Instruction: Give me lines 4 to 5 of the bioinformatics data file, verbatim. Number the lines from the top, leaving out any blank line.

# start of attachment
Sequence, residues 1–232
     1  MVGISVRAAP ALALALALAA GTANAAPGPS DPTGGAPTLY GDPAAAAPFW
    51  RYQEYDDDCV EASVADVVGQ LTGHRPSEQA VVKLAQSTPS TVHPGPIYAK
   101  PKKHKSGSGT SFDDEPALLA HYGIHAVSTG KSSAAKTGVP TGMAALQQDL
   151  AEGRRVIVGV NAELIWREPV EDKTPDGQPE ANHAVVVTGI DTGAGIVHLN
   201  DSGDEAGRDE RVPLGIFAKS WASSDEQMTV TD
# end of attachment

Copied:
   101  PKKHKSGSGT SFDDEPALLA HYGIHAVSTG KSSAAKTGVP TGMAALQQDL
   151  AEGRRVIVGV NAELIWREPV EDKTPDGQPE ANHAVVVTGI DTGAGIVHLN